Participation in high school athletics reached an all-time high in California, according to data released Wednesday by the California Interscholastic Federation.
Boys and girls swimming and diving, boys and girls golf and girls wrestling saw solid increases by percentage, according to its 2018 CIF Sports Participation Survey. Overall, there were 808,567 boys and girls student-athletes competing statewide, up 2.95 percent since 2017.
The most popular boys sports were football (94,286 participants), track and field (56,606) and soccer (53,363). Most popular among girls were soccer (47,186), track and field (46,327) and volleyball (45,139). Male athletes outnumbered female athletes by 459,171-349,386.
While most sports saw increases, football dropped for the third straight year, falling by 2.87 percent. After seeing an increase to 103,725 in 2015, participation last year fell to 94,286, which was down from 97,079 the previous season.
Sign Up and Save
Get six months of free digital access to The Modesto Bee
In the Sac-Joaquin Section, participation in football last year was down 3.3 percent, falling to 12,374, according to Will DeBoard, the section’s assistant commissioner.
That number coincides with what Downey coach Jeremy Plaa has seen in recent years.
He said Modesto City Schools saw its first dip in football numbers in 2016. He said last year, freshman participation for his program fell to 45, off from 55 the year before. This year, he has 45 freshmen on the squad, which began practice last week.
He said he fully understands the “concussion scare,” and the reticence some parents might have about having their children play. He pointed out, however, that better coaching, better equipment and more safeguards — like Modesto City Schools’ mandated concussion sensors on helmets — have helped ensure safety.
Scott Edwards, head football coach at Central Valley High in Ceres, said his numbers have remained the same in recent years. What can hurt participation, he said, is children not playing at the youth level.
“Interest is never regained or gained if they didn’t play at a young age,” he said.
Oakdale coach Trent Merzon said his numbers have remained steady through the years despite a “strong media push about the dangers of football.”
Having taken the helm of the Mustangs in 2000, Merzon said last year’s turnout was the highest he’s seen and that the youth program is “jam-packed full.”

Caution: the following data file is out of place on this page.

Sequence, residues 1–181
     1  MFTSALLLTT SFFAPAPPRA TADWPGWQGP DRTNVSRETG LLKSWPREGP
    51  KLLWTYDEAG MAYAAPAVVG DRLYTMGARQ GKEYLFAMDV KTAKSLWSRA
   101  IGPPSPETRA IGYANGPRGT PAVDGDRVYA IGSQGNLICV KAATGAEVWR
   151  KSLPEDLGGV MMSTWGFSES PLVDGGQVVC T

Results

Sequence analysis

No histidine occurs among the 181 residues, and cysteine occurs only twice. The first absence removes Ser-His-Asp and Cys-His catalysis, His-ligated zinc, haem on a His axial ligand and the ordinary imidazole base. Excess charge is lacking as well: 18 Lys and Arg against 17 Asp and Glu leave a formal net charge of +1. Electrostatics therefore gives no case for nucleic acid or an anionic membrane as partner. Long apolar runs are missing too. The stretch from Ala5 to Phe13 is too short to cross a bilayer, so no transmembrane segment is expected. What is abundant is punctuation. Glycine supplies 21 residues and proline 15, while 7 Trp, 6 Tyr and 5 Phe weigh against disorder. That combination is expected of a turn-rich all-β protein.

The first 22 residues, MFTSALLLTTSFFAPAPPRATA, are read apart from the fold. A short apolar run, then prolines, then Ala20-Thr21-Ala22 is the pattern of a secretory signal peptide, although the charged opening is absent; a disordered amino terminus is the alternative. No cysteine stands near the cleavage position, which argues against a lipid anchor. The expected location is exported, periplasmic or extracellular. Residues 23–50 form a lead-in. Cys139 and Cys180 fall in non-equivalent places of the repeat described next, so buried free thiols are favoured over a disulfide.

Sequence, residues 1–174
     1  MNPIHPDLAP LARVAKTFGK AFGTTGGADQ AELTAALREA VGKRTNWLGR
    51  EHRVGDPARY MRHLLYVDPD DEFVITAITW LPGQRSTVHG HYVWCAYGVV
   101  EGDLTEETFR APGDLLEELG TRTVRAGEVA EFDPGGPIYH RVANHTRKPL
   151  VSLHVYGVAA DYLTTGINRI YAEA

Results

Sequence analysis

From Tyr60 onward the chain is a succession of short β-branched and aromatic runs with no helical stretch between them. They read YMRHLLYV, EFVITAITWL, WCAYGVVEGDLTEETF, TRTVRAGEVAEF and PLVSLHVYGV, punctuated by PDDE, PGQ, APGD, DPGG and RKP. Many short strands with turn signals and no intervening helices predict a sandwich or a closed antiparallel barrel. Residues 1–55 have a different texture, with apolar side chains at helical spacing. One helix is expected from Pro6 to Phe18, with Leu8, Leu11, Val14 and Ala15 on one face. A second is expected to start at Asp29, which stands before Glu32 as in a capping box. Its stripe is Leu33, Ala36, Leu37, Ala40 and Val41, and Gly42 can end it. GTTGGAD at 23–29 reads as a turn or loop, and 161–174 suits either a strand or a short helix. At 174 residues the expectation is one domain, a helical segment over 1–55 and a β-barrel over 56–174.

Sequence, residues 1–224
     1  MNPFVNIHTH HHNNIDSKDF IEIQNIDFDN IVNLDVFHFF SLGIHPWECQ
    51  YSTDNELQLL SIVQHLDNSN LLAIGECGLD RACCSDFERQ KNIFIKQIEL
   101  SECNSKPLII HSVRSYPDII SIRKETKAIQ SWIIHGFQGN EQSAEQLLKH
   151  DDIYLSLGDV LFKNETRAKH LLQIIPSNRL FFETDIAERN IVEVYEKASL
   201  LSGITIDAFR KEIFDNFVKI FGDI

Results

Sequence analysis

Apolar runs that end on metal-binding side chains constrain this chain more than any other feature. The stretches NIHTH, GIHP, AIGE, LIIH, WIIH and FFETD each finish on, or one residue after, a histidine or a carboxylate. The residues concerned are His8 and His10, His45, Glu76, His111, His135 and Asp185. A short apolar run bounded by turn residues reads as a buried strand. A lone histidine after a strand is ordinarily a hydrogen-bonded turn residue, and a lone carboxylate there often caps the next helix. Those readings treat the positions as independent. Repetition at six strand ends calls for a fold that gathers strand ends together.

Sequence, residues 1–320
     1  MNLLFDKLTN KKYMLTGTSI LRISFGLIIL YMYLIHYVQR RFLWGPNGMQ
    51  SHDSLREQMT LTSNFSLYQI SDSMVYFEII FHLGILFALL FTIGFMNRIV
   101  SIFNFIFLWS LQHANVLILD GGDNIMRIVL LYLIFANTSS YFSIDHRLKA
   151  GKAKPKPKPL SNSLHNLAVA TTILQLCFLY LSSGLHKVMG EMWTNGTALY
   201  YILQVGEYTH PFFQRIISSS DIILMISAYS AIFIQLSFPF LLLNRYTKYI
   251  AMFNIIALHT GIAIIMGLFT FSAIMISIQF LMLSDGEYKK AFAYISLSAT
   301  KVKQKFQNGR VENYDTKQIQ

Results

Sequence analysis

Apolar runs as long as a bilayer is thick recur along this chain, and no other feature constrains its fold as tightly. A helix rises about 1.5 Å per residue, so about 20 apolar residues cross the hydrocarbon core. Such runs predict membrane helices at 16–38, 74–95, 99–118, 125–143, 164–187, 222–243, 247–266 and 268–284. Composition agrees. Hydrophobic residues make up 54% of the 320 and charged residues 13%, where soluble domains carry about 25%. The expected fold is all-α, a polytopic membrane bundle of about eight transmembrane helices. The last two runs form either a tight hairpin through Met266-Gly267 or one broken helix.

Said Gregori coach Jason McCoy on the decline: “It takes a special person to play football. There are so many kids these days playing video games, on their phones or social media. As a whole, this generation is soft.”
The high track and field numbers — more than 100,000 boys and girls combined — seemed fitting to Bergann Hernandez, head coach of the Turlock High program.
She said coaches from other sports see a benefit for their athletes.
“There’s a push for football players to do track simply to get them into more speed and explosive work,” she said. “On the girls side, some of my stronger athletes are soccer and volleyball players.”
Other numbers of note — girls cross country and boys tennis saw a slight dip in participation, while competitive cheer broke into the Top 10 among girls sports.
Top Boys Sports
|Sport||Participants||+/_ since 2017|
|Track and Field||56,606||+1.02%|
Top Girls Sports
|Sport||Participants||+/_ since 2017|
|Track and Field||46,327||+0.11%|
GRIGGS OH SO CLOSE — A tip of the hat to Manteca’s Tyler Griggs, who missed getting into a playoff to qualify for match-play by one stroke at the U.S. Junior Amateur golf tournament. Playing at famed Baltusrol Golf Club in Springfield, N.J. — where Jack Nicklaus won the 1980 U.S. Open — Griggs shot an 8-over-par 149 for two rounds. Eight players shot 148, with three moving ahead into match play after a playoff. Griggs shot 76 in the opening round, but closed with a 73 that included birdies on 17 and 18. The course played as a Par 71 on Day 1 and a Par 70 on Day 2. Griggs had four birdies, eight bogeys and two doubles to go along with 22 pars.
MJC KICKOFF DINNER — The annual Modesto Junior College Kickoff Dinner is Saturday, Aug. 16 in the Agriculture Center on the west campus. Coach Rusty Stivers and his assistant coaches will be there to answer questions. The dinner starts with a social at 6 p.m. followed by dinner, an auction and opportunity drawing at 6:30 p.m. Tickets are $50 and include a 2018 season pass to MJC home games. The Pirates open the season at home against Laney College. Tickets can be purchased by going to mjc.edu/athletics and follow the links.
SPORTS PHYSICALS — School and sports physicals will be offered to hundreds of students at Hilmar High on Saturday from 8 a.m.-4 p.m. The physicals were made possible by a grant from Legacy Health Endowment given to Valley Children’s Healthcase, which will be given to children free of charge if they live in the endowment’s 19 zip code area — 95301, 95303, 95307, 95313, 95315, 95316, 95322, 95324, 95326, 95328, 95334, 95358, 95360, 95363, 95374, 95380, 95381, 95382, and 95388. The high school is at 7807 Lander Ave. For questions, please contact Valley Children’s Healthcare Foundation at 559-353-7100.
THIS AND THAT — The CIF signed a three-year agreement with Baden Sports to become the official ball of the CIF Regional Championships through 2021. ... While football players began practice last week, most other fall sports began practicing on Monday. Water polo can start practicing on Aug. 13.